JAMA. 1934;102(3):204-210. doi:10.1001/jama.1934.62750030003010.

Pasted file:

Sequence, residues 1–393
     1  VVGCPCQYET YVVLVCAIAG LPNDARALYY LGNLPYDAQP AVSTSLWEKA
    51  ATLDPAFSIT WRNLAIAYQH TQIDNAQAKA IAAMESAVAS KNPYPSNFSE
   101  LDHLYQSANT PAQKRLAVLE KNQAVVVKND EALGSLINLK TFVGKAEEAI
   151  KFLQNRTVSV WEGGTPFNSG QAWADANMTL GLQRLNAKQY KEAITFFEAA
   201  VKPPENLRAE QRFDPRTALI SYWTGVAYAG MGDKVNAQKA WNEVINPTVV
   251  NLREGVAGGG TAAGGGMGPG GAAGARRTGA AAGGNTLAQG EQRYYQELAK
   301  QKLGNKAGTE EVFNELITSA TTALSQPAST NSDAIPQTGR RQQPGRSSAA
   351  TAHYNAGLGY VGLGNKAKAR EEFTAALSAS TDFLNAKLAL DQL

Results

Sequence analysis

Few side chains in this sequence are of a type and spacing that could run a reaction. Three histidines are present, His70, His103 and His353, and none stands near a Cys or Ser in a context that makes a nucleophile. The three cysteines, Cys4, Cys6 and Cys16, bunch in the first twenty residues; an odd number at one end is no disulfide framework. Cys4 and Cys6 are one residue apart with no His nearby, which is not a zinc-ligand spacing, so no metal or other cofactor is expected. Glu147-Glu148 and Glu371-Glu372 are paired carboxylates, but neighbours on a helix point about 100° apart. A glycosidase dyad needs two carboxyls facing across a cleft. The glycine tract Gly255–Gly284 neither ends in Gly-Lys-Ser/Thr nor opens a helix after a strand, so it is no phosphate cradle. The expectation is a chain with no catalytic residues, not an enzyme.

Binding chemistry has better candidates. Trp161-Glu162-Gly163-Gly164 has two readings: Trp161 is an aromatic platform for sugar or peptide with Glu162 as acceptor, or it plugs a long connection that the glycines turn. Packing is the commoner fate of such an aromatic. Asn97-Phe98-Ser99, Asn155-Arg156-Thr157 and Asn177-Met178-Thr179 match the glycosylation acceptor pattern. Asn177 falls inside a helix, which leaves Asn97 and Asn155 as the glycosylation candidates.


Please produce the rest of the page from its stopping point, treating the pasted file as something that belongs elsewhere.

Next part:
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Rational procedures for arresting hemorrhage are of ancient heritage. Homer relates with pride many of our current methods then applied to bleeding gods and fallen heroes of Greek mythology. While these methods were more effective for the inanimate gods than for the human heroes, the same therapeutic attempts still remain routine. Hippocrates (400 B. C.) applied styptics, ice, compression and elevation with better reasoning than result in the treatment of bleeding wounds. Celsus (20 A. D.) introduced cauterization, excision and ligature as surgical means of treating hemorrhage. But these procedures were used only in emergencies, because bleeding was considered an earthly means of bodily purification. Local measures of treating hemorrhage persisted until the nineteenth century, when Blundell (1824) first transfused man from a human donor. Thus did a whole century pass before the therapeutic value of transfusion was turned from the metaphysical speculation of rejuvenation to rational physiology. It was


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